Heidi Cruz pores over spreadsheets and donor lists, calling people who have supported Ted Cruz in the past and may be likely to do so in the future. Her perfect max-out donor, she said, is conservative, middle class, a business owner, and the type of person who can afford to give the limit but considers it a bit of a sacrifice.
"I don't want to say it's easy and I don't close every deal," she said. "I think people want to be a part of something that addresses the main issue of the day, number one, which is Washington versus the people."
Heidi Cruz genuinely believes her husband can win the White House, something that made it easier for her to take a leave from her job, which Goldman is holding. She said she is surprised that it was not difficult for her, a woman who has always been laser-focused on professional goals, to take time off.
"We believe that God would call us to do this. Some people believe other things, energy, whatever. But we are called to do this right now, and I feel that we are called to be part of the race. And I also believe Ted can win," she said. Heidi Cruz grew up a Seventh-day Adventist in San Luis Obispo, Calif., and is a vegetarian in line with the church's teachings.
Her conviction that her husband will win makes it easier to ask people to put their time, work and money behind the campaign.
"This is an investment for people, whether it’s their time or their money. And as an investor, I tell them, 'You’re an investor,' " she said.
"And you shouldn’t invest because the product aligns with your values, you should invest because you think this thing is really gonna sell. The company’s gonna be successful. So when we talk about winnability, I spend a lot of time on the phone talking about how Ted wins, and he wins by building this grass-roots army that becomes a coalition," she said.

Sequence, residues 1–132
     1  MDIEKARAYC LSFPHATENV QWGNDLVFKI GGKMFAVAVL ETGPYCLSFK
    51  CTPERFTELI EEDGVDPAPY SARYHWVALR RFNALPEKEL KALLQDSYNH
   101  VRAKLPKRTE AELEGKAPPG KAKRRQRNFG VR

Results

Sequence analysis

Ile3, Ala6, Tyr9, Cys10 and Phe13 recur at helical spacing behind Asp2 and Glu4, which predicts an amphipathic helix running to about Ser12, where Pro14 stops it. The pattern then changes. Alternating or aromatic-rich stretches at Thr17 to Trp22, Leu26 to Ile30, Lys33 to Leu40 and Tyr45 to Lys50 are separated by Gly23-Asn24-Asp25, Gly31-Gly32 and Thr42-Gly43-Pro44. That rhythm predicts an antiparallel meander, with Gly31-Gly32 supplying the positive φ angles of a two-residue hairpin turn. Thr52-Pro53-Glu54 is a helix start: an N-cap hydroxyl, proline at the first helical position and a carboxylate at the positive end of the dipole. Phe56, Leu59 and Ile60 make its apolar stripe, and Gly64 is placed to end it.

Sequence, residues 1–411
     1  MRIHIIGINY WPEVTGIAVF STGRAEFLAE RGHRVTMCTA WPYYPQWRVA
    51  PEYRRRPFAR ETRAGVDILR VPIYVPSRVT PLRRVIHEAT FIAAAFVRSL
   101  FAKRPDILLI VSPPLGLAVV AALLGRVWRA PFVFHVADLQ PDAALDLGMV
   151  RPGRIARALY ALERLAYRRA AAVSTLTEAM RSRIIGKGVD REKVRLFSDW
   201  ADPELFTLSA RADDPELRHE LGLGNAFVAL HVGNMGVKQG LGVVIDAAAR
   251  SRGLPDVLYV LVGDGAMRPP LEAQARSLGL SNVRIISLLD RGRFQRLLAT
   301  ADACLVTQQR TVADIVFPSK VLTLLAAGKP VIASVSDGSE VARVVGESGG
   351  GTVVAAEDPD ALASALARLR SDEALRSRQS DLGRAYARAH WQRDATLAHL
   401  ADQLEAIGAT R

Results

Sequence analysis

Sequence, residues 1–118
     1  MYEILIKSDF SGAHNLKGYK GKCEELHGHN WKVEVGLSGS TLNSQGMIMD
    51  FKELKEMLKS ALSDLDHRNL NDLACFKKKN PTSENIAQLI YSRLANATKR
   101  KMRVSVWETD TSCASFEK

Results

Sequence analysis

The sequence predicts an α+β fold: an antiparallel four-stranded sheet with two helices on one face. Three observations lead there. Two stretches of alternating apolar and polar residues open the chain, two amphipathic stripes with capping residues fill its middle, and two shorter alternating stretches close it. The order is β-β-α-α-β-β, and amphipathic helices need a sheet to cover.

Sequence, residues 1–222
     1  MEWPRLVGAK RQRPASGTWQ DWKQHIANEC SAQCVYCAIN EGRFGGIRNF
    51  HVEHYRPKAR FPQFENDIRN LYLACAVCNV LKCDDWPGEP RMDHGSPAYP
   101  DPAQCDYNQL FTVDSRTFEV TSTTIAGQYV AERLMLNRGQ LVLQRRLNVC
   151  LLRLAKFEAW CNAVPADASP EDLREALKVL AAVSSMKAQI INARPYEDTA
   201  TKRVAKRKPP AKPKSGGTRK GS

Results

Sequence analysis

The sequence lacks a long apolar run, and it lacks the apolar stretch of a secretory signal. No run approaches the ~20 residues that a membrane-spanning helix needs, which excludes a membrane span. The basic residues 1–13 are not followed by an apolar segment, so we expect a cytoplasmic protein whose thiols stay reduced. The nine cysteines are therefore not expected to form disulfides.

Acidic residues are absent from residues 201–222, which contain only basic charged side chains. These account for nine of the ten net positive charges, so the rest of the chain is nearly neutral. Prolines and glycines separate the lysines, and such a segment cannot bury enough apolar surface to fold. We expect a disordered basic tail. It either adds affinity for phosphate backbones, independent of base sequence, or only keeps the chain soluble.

Heidi Cruz said she thinks her husband can broaden the Republican tent. She said her husband, who has called the Supreme Court decision legalizing same-sex marriage “the very definition of tyranny,” was publicly asked whether he would hire gay people in his administration, “and he said 'Of course,' ” she said.
There's one place Cruz said she's not really looking for donations: Wall Street.
"I'm not calling down the Goldman employee list, that's for sure," she said. "If people make the choice at Goldman Sachs to support Ted and they’ve reached out to me, then I push them hard. But I’m not going to go pressure Goldman people to give to Ted and I’m not going to pressure campaign people to support Goldman. Separation of church and state," she said.